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Georgia’s top youth volunteers of 2020 selected for Prudential Spirit of Community Awards

The Prudential Spirit of Community Awards honors Atlanta and Jonesboro students with $1,000, medallions and trip to nation’s capital

Finalists also named in Suwanee, Johns Creek, Kennesaw, Marietta and Atlanta

ATLANTA, Ga. – Neha Devineni, 17, of Atlanta and Hailey Bankhead, 12, of Jonesboro today were named Georgia’s top two youth volunteers of 2020 by The Prudential Spirit of Community Awards, a nationwide program honoring young people for outstanding acts of volunteerism. As State Honorees, Neha and Hailey each will receive $1,000, an engraved silver medallion and an all-expense-paid trip in early May to Washington, D.C., where they will join the top two honorees from each of the other states and the District of Columbia for four days of national recognition events. During the trip, 10 students will be named America’s top youth volunteers of 2020.

The Prudential Spirit of Community Awards, now in its 25th year, is conducted by Prudential Financial in partnership with the National Association of Secondary School Principals (NASSP).

These are Georgia’s top youth volunteers of 2020:

High School State Honoree: Neha Devineni

Nominated by Riverwood International Charter School

Neha, a senior at Riverwood International Charter School, founded a nonprofit organization in 2017 that now encompasses more than 100 young people in several states and overseas who are working to improve the lives of children in need, particularly in the areas of nutrition, sanitation and education. On a trip to India, Neha saw unimaginable poverty. “What I witnessed was heartbreaking,” she said. “Children younger than me were going to work in fields and factories and living in makeshift tents on the sides of the street.” She returned home determined to help youth living in poverty and began by traveling around Georgia to assess the needs of children there. Two things stood out: the number of children living in poverty, and the lack of effort being made to improve their lives.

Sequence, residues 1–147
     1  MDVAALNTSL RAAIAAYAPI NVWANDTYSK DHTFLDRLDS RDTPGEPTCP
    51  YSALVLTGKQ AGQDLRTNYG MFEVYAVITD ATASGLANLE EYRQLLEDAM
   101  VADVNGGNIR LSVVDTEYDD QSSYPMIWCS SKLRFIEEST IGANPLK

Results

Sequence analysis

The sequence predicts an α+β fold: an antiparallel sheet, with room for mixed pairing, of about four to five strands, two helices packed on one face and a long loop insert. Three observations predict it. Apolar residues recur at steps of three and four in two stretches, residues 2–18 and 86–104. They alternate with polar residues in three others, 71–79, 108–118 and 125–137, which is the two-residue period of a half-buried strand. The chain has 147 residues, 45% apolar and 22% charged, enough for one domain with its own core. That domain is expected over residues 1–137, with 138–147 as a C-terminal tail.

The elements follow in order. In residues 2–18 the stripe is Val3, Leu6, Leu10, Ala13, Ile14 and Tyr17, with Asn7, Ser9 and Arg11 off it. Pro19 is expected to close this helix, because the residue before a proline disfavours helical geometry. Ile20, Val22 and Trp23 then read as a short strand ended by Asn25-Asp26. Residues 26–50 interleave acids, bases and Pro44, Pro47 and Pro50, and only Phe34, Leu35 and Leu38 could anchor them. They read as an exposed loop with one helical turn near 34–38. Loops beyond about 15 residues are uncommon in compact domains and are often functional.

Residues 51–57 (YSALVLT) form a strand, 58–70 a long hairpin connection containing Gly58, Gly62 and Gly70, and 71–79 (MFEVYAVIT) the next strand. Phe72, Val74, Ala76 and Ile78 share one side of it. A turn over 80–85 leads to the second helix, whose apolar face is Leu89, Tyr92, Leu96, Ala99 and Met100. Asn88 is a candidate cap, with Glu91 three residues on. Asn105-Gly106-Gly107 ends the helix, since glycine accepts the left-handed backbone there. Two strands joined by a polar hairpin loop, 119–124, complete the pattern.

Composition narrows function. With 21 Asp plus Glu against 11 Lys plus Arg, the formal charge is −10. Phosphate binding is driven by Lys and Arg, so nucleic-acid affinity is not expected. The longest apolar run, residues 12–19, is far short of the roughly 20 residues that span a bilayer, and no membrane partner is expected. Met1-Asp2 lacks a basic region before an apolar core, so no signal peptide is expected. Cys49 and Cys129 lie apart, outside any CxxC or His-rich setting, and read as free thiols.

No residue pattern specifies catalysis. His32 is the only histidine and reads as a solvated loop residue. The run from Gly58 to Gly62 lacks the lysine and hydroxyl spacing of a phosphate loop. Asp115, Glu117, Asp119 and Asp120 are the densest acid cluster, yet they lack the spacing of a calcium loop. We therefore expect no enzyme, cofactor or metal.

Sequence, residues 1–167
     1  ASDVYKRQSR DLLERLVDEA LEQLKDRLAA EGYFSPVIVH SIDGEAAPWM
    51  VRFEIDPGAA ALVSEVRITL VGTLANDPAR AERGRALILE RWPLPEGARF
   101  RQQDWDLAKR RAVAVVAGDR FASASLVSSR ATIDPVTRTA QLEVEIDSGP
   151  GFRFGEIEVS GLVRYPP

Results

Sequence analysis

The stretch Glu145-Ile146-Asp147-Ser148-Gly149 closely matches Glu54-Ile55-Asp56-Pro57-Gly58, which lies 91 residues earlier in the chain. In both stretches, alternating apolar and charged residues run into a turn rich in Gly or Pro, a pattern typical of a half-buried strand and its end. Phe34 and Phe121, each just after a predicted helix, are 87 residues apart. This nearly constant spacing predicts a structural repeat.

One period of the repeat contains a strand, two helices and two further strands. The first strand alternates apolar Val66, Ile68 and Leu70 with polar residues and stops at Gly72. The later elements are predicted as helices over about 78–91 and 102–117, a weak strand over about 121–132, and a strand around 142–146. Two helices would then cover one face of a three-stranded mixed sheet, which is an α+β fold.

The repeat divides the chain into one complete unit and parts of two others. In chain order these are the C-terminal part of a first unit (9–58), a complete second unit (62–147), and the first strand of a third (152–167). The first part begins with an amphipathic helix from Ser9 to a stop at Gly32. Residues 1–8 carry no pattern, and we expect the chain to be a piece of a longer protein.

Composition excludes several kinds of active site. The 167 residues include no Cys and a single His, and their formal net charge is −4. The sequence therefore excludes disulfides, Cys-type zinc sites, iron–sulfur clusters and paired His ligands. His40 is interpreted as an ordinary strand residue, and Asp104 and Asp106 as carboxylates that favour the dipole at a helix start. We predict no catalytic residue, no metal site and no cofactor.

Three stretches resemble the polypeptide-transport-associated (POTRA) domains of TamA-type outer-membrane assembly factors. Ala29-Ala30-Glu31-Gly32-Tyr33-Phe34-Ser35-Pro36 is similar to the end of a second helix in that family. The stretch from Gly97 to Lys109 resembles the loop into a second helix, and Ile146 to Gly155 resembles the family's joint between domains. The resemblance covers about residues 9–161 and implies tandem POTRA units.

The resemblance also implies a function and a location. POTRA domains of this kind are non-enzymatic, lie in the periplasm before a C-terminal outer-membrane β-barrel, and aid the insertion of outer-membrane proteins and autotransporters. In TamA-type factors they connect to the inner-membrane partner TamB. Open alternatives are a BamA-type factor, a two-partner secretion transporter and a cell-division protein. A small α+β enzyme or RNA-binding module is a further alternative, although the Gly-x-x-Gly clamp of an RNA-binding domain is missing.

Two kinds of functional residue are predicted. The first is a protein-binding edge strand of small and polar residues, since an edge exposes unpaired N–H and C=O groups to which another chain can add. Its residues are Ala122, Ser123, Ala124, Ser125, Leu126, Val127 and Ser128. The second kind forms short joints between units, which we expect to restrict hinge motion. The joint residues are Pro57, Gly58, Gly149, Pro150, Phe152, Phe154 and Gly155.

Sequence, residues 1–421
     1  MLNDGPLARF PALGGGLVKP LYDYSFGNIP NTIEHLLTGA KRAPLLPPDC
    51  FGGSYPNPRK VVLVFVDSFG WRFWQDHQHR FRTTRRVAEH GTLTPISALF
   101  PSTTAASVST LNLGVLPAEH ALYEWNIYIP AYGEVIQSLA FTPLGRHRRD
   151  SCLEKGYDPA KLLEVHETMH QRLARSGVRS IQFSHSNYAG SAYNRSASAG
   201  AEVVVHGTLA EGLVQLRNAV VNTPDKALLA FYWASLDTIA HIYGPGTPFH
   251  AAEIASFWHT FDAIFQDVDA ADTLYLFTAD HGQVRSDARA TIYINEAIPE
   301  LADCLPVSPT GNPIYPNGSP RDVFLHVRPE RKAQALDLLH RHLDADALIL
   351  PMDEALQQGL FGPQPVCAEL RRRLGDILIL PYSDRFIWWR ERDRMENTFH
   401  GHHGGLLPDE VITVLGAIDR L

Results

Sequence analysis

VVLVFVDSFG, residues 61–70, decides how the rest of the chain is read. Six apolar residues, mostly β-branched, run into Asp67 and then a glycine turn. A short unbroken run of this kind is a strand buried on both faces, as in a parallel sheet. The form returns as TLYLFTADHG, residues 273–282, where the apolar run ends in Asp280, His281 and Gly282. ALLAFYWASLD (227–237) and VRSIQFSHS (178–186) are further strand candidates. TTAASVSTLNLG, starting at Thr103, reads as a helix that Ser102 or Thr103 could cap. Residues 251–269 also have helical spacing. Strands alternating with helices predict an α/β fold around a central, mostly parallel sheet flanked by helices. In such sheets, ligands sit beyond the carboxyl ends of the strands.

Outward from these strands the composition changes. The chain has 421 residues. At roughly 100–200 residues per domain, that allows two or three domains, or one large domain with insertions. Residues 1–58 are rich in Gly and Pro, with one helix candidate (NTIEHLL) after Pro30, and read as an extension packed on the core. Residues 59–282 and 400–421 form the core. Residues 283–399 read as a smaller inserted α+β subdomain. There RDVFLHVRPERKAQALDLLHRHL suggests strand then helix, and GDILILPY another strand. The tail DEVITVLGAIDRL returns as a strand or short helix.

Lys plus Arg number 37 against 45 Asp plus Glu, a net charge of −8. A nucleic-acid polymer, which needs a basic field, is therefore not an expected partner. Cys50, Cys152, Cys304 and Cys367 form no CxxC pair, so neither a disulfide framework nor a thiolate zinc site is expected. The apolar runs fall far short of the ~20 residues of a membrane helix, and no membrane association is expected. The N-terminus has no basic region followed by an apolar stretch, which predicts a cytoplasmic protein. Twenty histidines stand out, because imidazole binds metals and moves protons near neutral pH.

Envisioning an organization run by young people for young people, Neha founded ASA (for “Aspire, Serve, Achieve”). She spoke at schools and local events to challenge students to get involved and organized events for students to talk about poverty-related issues such as nutrition, sanitation and education. Gradually, students from other communities in Georgia, Michigan, Texas and as far away as India applied to open chapters and launch their own projects. One local project that Neha likes to highlight was her group’s efforts to pay for the funeral expenses of a classmate’s mother, and to start an education fund so the classmate could attend school in Atlanta. Another was an initiative to raise funds to buy a car and provide money for food and other expenses for a teenager who was trying to keep her young siblings from being sent to foster homes.

Middle Level State Honoree: Hailey Bankhead

Nominated by Mundy’s Mill Middle School

Hailey, a sixth-grader at Mundy’s Mill Middle School, is a cancer survivor who is working to ease the burden of other young cancer patients by providing hundreds of activity bags, organizing arts and crafts activities at two hospitals every month, and buying gift cards and meals for patients’ families. When Hailey was 5 years old, she was diagnosed with Stage IV Wilm’s cancer, a rare kidney tumor. Despite months of painful treatments, Hailey fought back. “I am in remission and on a mission,” she said. “I fight to make hospital stays for kids like me more tolerable, less lonely, less fearful, and to give hope where hope is lost.”